Vega Imperial Electric Guitar Banjo (1923)

Vega  Imperial Electric Guitar Banjo  (1923)
This item has been sold.
Item # 11310
Prices subject to change without notice.
Vega Imperial Electric Model Guitar Banjo (1923), made in Boston, Mass., serial # 65018, natural varnish finish, laminated maple rim and neck, ebony fingerboard, black hard shell case.

This is an interesting and fairly rare early 1920s example of a Vega "Imperial Electric" Banjo-Guitar, made just after the Fairbanks trade name was finally discontinued. It is stamped "made by The Vega Company" and "Imperial' on the dowel with several patent numbers. The older trade mark "Electric" is not present although that is how the model was usually cataloged. That name refers to the tone ring style, not actual electricity. This was the oldest high-grade model in the Vega line, patented in 1893 when electricity was a novelty!

This is a very robust, high-quality instrument, lacking only the bracket band of the White Lady and the Tu-Ba-Phone tone ring of the highest grade models. it features a heavy laminated maple rim topped by the older "Electric" elevated scalloped tone ring. The bracket shoes are mounted through the rim. The heavy maple neck has a thick ebony fingerboard and center laminate, heelcap, and headstock facing, as well as bone nut and pearl dot inlay. The rim edge is bound in tortoise celluloid with the bottom edge lacquered black, and the tailpiece is the original 6-string style.

These fairly rare Vegas are among the best open back guitar-banjos ever built, and sound great for everything from New Orleans Jazz ("Play that thing, Mr. St Cyr!" - with Louis Armstrong's Hot Five, Johnny St Cyr used a similar six-string Vega) to Old-Time Country. This is a nicely original and good-playing example, a cool find in a 6-string 'jo.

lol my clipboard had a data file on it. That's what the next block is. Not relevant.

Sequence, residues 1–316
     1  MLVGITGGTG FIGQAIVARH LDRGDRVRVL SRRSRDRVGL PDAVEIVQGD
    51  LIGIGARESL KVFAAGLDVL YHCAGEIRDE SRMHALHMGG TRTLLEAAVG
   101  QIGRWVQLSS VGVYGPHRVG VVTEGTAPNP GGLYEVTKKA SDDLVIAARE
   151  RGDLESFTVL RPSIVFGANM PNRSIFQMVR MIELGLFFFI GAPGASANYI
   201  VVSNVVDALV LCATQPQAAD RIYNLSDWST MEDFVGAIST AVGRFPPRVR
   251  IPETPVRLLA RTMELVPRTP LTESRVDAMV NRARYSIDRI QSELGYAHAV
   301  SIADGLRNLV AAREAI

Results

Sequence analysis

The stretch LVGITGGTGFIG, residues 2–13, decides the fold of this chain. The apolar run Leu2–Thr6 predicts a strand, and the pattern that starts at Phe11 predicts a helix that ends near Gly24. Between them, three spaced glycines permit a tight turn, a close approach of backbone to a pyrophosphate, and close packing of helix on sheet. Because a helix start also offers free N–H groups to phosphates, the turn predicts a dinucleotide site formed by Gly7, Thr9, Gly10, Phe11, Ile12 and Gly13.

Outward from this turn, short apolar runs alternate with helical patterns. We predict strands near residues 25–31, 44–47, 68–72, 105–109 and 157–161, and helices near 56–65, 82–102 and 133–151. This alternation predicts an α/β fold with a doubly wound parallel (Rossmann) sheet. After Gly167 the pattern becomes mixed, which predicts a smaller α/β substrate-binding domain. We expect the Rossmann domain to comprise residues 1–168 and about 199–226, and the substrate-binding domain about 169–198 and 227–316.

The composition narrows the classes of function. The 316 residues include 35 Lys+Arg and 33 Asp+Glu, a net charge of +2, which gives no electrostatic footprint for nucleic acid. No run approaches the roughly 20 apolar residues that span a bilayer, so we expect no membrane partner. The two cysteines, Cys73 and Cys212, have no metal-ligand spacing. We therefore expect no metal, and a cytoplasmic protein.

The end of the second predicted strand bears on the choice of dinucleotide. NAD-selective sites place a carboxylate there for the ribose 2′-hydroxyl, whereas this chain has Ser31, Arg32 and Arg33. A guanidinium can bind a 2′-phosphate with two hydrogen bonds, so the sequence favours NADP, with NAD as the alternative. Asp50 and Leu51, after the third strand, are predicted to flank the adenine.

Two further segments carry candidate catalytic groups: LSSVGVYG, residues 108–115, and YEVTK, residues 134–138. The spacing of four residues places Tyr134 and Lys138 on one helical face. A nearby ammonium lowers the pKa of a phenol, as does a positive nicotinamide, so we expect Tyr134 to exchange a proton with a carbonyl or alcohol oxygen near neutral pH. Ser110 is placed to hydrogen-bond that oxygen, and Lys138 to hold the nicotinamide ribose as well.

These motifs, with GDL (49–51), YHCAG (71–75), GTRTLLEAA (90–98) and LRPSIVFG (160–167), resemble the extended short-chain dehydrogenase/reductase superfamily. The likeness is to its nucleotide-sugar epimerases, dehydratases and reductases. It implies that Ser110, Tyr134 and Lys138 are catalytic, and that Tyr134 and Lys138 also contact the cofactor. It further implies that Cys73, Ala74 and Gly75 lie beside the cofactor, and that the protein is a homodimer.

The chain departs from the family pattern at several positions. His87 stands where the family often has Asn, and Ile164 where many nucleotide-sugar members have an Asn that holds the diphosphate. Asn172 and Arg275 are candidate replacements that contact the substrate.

Overall length is 35 1/2 in. (90.2 cm.), 11 15/16 in. (30.3 cm.) diameter head, and 2 3/4 in. (7 cm.) in depth, measured at side of rim. Scale length is 25 in. (635 mm.). Width of nut is 1 13/16 in. (46 mm.).

This "Git-jo" shows some wear for its over 100 years on the planet but remains all original, including the period non-geared tuners and an older skin head. There is a decent amount of wear overall, most notably to the finish on the back of the neck especially in the lower positions with wear down to the maple. The plating is relatively well preserved with minor corrosion and clouding overall, with some shoes worn to the brass on the lower side. The tortoise celluloid rim capping has been neatly replaced, but all finish remains original.

The hardware also remains original including the special 6-string stud tailpiece, tuners and a full set of hooks and nuts. The fingerboard appears to have a very old and well-done refret and the instrument plays very well and sounds great. It is set up with a modern ebony-capped maple bridge, nice old unbranded calfskin head and includes a picturesque but functional handmade hard case, which for no good reason opens left handed! Overall Excellent - Condition.